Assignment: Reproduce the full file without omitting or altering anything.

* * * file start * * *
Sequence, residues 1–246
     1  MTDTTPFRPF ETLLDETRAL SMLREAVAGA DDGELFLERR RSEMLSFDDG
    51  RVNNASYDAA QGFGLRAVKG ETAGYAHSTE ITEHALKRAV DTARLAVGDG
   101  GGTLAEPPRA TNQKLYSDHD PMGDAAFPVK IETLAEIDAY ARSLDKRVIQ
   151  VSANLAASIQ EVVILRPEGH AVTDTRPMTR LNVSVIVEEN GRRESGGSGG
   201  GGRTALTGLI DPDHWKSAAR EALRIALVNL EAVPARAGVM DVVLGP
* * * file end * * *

Sequence, residues 1–246
     1  MTDTTPFRPF ETLLDETRAL SMLREAVAGA DDGELFLERR RSEMLSFDDG
    51  RVNNASYDAA QGFGLRAVKG ETAGYAHSTE ITEHALKRAV DTARLAVGDG
   101  GGTLAEPPRA TNQKLYSDHD PMGDAAFPVK IETLAEIDAY ARSLDKRVIQ
   151  VSANLAASIQ EVVILRPEGH AVTDTRPMTR LNVSVIVEEN GRRESGGSGG
   201  GGRTALTGLI DPDHWKSAAR EALRIALVNL EAVPARAGVM DVVLGP